One of the many good things about being a cancer survivor is that it’s changed my perception of time. I don’t take its passage lightly any more. My days don’t stretch out endlessly before me, bursting with possibilities, as they once did. In compensation, I have a keener sense of life's richness and fullness. Each day is qualitatively different; I observe things about each one that makes it special. You could say I've become a connoisseur of days. I savor the best ones, and record them in photos, words and thought.
I recently had the chance to take on a leadership role of a caring ministry at my church. I’ve done this before, and it was something I loved. Most churches never have enough committed volunteers. The invitation was hard to turn down.
The thought that came to me was that this task was too much too soon. It would require too much of me organizationally. It’s been just a year since my cancer recurred, and while I’m feeling whole again, I don’t have the ambition I did before. I’m shockingly content to hang out around the house, to read, to pray, to play on the computer, to think. When the weather turns warm again, I expect to be out digging in the dirt and tending my garden. Lest you think I’m a human slug, I also work—mostly teach—but that’s not consuming, and my current stint will only last a few months. Classes end about the time summer starts in Corvallis. Good timing for someone who loves long days, and who missed last summer in a drug-induced haze.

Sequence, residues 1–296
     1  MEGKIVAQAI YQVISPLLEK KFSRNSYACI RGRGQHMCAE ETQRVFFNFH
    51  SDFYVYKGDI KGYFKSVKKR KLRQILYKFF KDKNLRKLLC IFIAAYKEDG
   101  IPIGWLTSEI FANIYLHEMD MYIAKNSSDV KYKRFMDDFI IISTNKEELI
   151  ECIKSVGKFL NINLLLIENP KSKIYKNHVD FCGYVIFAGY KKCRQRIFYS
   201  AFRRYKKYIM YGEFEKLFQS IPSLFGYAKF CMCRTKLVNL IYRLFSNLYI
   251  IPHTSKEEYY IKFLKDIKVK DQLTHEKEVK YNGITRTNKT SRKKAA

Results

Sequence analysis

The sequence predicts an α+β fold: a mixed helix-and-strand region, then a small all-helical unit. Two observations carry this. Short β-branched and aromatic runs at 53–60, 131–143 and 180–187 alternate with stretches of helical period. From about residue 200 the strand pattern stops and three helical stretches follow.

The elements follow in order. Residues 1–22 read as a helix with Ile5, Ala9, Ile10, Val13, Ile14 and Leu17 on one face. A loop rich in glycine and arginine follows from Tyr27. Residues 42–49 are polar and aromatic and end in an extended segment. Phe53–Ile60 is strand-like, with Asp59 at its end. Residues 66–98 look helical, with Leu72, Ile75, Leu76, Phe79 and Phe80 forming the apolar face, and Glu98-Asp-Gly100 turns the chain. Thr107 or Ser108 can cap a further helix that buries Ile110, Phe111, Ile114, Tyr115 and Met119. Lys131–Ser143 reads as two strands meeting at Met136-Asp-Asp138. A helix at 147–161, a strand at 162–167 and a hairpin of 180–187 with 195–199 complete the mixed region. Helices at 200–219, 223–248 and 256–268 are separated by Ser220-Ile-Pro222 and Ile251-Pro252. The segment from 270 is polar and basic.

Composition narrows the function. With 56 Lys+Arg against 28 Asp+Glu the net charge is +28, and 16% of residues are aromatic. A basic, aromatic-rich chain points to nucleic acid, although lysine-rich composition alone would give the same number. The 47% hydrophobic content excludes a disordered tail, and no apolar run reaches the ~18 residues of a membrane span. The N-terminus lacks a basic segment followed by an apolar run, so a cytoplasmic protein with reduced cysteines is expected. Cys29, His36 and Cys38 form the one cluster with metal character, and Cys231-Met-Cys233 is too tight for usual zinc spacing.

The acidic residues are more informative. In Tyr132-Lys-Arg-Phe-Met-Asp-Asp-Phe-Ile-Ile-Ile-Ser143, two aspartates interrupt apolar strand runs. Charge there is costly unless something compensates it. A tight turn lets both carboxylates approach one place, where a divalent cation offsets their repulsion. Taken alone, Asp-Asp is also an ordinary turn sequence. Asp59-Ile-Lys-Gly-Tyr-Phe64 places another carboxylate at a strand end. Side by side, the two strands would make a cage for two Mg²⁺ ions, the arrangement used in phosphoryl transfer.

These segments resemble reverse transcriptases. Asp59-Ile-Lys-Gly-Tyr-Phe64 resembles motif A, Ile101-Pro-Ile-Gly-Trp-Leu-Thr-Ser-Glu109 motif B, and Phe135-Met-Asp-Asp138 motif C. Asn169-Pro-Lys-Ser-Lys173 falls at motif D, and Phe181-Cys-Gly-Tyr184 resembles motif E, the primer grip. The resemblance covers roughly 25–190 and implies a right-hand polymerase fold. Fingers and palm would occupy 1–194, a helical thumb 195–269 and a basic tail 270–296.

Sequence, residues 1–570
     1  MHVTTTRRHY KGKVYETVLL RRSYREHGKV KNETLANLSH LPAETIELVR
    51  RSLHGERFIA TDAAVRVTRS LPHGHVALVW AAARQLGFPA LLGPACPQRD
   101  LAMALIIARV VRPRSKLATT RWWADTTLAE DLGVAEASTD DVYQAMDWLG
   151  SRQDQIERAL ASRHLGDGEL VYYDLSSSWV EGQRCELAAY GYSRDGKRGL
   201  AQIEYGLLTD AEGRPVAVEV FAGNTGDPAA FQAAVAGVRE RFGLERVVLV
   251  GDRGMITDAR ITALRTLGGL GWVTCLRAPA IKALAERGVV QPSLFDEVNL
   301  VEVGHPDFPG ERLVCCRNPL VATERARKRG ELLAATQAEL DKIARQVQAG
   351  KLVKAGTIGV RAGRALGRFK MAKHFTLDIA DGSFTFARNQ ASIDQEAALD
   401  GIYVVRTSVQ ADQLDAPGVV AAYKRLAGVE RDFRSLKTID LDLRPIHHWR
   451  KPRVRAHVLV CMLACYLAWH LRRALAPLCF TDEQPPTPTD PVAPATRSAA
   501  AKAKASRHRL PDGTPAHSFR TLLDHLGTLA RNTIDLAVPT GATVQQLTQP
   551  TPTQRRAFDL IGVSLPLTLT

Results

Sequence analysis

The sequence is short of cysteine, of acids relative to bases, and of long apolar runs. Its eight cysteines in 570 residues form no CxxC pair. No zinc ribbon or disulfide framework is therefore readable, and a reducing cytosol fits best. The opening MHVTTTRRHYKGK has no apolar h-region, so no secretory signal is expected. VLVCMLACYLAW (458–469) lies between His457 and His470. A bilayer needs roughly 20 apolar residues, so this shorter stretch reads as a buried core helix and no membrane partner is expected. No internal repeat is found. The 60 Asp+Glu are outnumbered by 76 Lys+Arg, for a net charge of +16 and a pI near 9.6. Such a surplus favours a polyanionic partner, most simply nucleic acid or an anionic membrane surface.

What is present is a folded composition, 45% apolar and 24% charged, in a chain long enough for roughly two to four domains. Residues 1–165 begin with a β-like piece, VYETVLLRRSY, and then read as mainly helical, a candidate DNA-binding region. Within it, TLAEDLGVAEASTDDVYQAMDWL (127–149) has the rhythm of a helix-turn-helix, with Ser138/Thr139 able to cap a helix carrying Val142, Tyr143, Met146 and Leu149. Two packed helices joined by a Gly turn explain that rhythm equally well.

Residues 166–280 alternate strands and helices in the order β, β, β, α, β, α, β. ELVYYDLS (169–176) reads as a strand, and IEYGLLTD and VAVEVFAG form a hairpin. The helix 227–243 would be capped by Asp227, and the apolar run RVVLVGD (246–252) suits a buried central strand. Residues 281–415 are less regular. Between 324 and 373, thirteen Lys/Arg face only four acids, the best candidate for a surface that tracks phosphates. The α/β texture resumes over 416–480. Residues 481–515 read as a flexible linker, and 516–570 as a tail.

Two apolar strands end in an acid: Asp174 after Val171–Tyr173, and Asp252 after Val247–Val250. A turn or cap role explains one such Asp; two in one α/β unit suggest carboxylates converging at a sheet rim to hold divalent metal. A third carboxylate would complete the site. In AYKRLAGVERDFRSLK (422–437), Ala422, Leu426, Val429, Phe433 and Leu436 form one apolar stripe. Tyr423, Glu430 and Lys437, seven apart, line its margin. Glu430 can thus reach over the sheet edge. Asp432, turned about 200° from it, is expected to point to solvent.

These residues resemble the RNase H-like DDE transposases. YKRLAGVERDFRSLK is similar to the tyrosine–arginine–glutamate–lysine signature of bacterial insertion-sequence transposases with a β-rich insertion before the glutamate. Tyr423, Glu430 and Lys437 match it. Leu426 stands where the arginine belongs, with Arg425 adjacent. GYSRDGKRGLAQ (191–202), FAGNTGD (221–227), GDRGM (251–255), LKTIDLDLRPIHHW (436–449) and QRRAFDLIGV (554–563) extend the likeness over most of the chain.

There’s poignancy to closely observing people and events, and to fully experiencing the turning of leaves and the falling of snow. Anyone can do it; poets and writers often make careers of it. It requires letting go of the drive for accomplishment, however, and the compulsion to achieve. It is in small acts, and in the many details of our lives, that we largely define who we are. Beauty and meaning can be found in noticing the frost on a desiccated rose bud, or in the ghostly drift of high clouds across a night sky. I once found meaning in burrowing deep into work, turning off my senses and disconnecting from the physical world. No longer. Like my friend Mr. Thoreau, I want to suck the marrow out of the bones of life. I do this partly by simply not being obsessively busy.
Time has slowed down. Each day is precious. Small things matter. What I do is less important than who I am. No great lessons here, but isn’t that the point?